The Reveal!

If you haven’t caught up yet, just scroll right on down!

We’re picking a horse for a client. It’s not fool proof, but it will give you an idea of the thought process that goes into purchasing a horse. We used my huband Mike as a model for our client.

So, what horse did we chose for Mike?

.

.

.

.

.

.

.

Horse C!

{$7,000, 10 year old paint gelding. Being used as an Extreme Cowboy trail horse, and wins often. Advertised as 100% bombproof. 14.3h and stocky build. Established cribber, but managed with a collar. Barefoot. Needs to be in semi-regular work to remain quiet. Sound with no prior medical history. Can be pushy on the ground with timid handler. Horse is located in Vermont.}

Even though the horse was at the top of his price range, it best suited what he wanted to do and provided him with enough of a challange that he won’t get bored. Many sellers also build a little bit of bargining room into their price point, and more often than not you may be able to talk them down a little bit. It never hurts to try. I don’t get my nose bent out of shape if a horse is advertised as a cribber, espcially if it’s a cribber that can be controlled with a collar. Even though the horse was the shortest of the three, Mike isn’t a huge guy and the stocky barrel will take up enough of his leg. A horse that is compact will have a better chance of staying sound with a bigger rider, than a horse that is built more streamlined.  This horse also is being used solely as a horse that is doing exactly what Mike wants. Keep in mind that just because a horse is forward and responsive, doesn’t mean that it is a wingnut. I prefer a horse with a ‘go’ button (as long as ‘go’ doesn’t mean blast off!).

So why not the other two?

Horse A

{$5,000, 15 year old bay QH gelding. Currently being used as a school horse at a popular children’s camp. 15h and stocky build. Horse is advertised as bomb proof and goes out on the trail often. Needs hock injections to stay sound as well as front shoes. Has a history of choking if not properly managed. Quiet on the ground. Horse is located in Maine.}

This is a horse that is looking to head into a semi-retired life of leisure, which he deserves. His body is starting to get tired after years of toting children around. While he would probably thrive in our situation, he doesn’t quiet have the oomph that Mike is looking for. His build and price are great.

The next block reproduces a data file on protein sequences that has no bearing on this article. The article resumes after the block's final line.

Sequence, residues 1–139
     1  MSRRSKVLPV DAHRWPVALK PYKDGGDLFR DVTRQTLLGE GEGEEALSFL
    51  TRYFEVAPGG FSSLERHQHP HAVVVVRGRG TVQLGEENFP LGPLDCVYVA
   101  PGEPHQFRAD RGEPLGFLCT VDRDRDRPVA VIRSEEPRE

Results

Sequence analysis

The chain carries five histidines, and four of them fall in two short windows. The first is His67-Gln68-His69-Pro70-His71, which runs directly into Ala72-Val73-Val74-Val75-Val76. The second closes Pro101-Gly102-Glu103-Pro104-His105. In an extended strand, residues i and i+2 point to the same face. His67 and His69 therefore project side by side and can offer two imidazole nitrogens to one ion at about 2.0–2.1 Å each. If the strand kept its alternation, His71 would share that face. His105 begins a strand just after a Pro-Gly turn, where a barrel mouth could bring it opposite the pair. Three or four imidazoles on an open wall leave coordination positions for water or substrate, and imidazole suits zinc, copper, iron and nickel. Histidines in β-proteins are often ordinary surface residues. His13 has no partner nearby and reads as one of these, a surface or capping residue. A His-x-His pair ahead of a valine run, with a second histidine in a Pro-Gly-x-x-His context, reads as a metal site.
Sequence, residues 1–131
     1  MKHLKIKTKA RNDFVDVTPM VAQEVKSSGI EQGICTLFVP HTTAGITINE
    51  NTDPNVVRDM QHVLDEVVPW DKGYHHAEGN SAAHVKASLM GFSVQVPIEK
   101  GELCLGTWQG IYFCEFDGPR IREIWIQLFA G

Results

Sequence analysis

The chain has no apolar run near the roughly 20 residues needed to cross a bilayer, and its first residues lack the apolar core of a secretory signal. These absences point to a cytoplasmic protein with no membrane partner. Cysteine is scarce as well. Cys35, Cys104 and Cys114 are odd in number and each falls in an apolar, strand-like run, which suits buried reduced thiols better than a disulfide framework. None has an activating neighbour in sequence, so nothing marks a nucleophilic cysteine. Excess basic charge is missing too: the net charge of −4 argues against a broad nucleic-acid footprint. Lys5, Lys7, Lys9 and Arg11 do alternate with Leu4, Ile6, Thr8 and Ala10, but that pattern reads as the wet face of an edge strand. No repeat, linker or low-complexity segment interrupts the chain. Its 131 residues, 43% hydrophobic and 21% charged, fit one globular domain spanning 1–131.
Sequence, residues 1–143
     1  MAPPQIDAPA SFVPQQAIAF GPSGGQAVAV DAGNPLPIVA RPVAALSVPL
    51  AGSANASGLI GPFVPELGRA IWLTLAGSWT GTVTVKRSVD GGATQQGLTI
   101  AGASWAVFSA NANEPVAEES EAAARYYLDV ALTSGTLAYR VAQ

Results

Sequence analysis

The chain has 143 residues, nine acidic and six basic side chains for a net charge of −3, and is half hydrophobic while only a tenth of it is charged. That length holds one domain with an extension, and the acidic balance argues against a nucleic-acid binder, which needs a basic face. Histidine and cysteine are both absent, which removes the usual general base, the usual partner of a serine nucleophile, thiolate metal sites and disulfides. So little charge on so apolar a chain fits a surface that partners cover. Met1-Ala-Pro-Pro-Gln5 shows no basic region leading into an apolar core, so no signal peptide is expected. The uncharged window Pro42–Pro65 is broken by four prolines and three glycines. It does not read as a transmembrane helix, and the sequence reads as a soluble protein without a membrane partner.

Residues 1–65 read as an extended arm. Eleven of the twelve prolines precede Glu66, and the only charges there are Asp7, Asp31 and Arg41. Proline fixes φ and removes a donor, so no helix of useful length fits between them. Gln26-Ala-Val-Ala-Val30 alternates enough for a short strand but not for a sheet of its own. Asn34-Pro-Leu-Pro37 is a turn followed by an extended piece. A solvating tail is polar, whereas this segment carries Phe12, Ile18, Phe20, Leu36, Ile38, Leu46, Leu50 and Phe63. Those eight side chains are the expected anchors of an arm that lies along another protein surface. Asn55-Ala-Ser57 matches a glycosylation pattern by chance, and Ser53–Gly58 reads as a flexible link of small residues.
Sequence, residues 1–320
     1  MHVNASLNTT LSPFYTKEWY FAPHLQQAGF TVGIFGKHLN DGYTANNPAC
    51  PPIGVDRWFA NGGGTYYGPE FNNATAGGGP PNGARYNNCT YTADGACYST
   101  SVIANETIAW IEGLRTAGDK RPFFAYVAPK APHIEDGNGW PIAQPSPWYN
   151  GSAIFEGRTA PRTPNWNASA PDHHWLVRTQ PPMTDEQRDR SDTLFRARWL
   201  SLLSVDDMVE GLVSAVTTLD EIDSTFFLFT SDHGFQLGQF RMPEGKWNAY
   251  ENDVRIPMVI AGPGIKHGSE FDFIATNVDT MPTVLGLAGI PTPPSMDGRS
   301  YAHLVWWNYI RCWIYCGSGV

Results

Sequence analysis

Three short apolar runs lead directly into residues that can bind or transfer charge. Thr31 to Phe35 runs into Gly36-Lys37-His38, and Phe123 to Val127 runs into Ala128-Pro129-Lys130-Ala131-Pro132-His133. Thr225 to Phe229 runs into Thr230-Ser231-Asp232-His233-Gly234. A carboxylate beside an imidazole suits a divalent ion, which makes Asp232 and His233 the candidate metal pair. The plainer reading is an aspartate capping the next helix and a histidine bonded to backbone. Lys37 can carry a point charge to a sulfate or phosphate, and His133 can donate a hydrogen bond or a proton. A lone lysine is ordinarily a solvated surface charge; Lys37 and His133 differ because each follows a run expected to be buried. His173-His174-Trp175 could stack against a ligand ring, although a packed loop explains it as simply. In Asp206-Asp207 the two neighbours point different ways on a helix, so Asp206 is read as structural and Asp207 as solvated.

Horse B

{$3,000, 6 year old chestnut Appendix mare. Being used as a barrel racer by teenage girl, but quiet on trails. 16h and average build. Advertised as a 4 out of 10 on the quiet scale but 100% bombproof. Needs no maintence, but wears 4 shoes. Can be hard to manage on the ground.  Horse is located in New York.}

This mare is a little bit on the bigger side with a leaner build than our other two stockhorse types. She could probably easily manage Mike’s frame. The hang up, to me, is that often barrel racers need a little bit of ‘let down’ time (similar to OTTB’s) before starting a more laid back career and can be very sensitive to leg. This mare would more than likely need a break, then some re-schooling before Mike was comfortable riding her. It also states that she can be hard to manage on the ground, which, while Mike can handle it, it’s not something that he would like to deal with on a daily basis. It also lends to her hotheadedness. You know what they say about chestnut mares…. ;).

Give us a comment or two below and let us know how you did!

I’d like to make this a monthly feature here on the blog and feature different horse/rider scenarios. If you’d like to be used as a client model, leave a comment or feel free to shoot me an e-mail {fasporthorses@gmail.com}. Be sure to include a brief description of what you’re looking for, your riding style, and experience and a little bit about you!

I think our next client is going to be this little girl! She’s getting brave and totally almost ready for her first pony!

 

Stay tuned for a family post tonight, all about carseats!

Advertisements

Tell me what you think!

Fill in your details below or click an icon to log in:

WordPress.com Logo

You are commenting using your WordPress.com account. Log Out / Change )

Twitter picture

You are commenting using your Twitter account. Log Out / Change )

Facebook photo

You are commenting using your Facebook account. Log Out / Change )

Google+ photo

You are commenting using your Google+ account. Log Out / Change )

Connecting to %s